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      Current GI endoscope disinfection and QA practices.

      Digestive Diseases and Sciences

      Disinfectants, United States, Questionnaires, Quality Control, Nurses, Humans, standards, Equipment Reuse, prevention & control, Equipment Contamination, microbiology, Endoscopes, Gastrointestinal, methods, Disinfection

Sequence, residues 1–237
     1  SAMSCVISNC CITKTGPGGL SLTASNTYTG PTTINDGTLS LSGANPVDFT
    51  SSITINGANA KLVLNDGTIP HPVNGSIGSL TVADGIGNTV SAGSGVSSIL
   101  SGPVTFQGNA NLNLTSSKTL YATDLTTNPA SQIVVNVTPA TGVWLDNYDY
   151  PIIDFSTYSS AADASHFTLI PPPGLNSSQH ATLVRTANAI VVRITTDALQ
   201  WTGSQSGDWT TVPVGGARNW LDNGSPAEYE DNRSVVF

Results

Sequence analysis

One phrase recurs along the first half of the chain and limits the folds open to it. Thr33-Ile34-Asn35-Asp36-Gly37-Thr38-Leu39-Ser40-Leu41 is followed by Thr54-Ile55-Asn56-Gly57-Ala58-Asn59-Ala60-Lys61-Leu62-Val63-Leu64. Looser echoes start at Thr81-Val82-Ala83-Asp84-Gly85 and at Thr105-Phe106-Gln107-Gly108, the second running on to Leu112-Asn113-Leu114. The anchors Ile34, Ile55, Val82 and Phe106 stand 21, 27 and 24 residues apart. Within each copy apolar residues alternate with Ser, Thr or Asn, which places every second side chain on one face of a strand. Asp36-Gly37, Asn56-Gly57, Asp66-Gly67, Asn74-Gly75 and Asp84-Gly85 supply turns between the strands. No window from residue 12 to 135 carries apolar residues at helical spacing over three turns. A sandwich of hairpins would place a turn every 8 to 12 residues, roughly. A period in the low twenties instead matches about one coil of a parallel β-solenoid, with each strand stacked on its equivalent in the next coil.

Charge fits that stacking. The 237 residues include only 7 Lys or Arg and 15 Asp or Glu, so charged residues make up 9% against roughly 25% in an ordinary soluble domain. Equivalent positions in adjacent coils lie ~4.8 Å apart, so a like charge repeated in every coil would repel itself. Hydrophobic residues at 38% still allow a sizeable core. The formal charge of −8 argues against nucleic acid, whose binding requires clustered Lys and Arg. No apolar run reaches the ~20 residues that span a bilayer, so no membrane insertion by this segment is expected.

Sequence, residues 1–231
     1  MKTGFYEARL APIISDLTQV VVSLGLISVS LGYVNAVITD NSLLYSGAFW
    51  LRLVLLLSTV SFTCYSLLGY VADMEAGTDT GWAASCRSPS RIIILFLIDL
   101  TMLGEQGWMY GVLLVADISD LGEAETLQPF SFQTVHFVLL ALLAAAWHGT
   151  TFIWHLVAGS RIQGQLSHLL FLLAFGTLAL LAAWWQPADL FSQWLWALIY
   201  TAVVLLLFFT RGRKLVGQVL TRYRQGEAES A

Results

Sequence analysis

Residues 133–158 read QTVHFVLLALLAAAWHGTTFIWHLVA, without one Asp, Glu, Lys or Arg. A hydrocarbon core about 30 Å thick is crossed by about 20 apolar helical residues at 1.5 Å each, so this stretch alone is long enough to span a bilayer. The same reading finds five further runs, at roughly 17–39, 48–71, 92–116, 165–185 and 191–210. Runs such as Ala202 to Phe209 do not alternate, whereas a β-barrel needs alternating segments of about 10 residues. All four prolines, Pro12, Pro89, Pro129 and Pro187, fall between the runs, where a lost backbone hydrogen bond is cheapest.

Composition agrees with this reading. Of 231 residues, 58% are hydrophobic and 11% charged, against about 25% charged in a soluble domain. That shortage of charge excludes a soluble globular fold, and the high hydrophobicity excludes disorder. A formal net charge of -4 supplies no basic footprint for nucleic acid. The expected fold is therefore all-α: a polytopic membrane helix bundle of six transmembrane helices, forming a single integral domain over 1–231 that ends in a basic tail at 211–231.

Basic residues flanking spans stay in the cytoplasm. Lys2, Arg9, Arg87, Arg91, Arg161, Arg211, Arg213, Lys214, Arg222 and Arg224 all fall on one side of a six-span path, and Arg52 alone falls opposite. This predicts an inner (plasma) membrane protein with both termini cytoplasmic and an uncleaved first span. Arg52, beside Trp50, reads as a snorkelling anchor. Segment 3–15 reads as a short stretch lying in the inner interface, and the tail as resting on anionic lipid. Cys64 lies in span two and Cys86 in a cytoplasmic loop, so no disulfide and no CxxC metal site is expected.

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          High-level disinfection (HLD) of GI endoscopes is readily achieved when published guidelines are observed. Contamination is linked to breakdowns in accepted procedure. However, there is no recognized method of verifying adequacy of endoscope reprocessing in routine practice and no data regarding current quality assurance (QA) practice. Prior reports have demonstrated a wide variation in routine clinical practice of GI endoscopy HLD. The goal of this study was to determine current practice at regional endoscopy centers with regard to endoscope cleaning and HLD, maintenance, and QA practice. An anonymous multiple-choice questionnaire was mailed to 367 SGNA members in Pennsylvania, Delaware, Virginia, Maryland, and District of Columbia and completed by 230 (63%). The majority of responders were hospital-based and 59% of the units performed over 3000 procedures per year. After use the endoscope was hand-carried or transported in a dry container (97%) to a separate cleaning room (85%) for HLD by technicians (40%). Wide variations existed in manual step procedures including use of disposable (50%) brushes and number of times channel brushed: once (21%), twice (35%), or three to five times (37%). Soaking duration in disinfectant (70% gluteraldehyde) was for <10 min (8%), 10-20 min (35%), 20-30 min (38%), 30-40 min (7%), and >40 min (3%). Sixty-seven percent had an active unit infection control (IC) service and 98% had a QA program. Monitoring of cleaning effectiveness was by visual inspection (50%) and culturing endoscopes (17%). Culture was done weekly (1%) and

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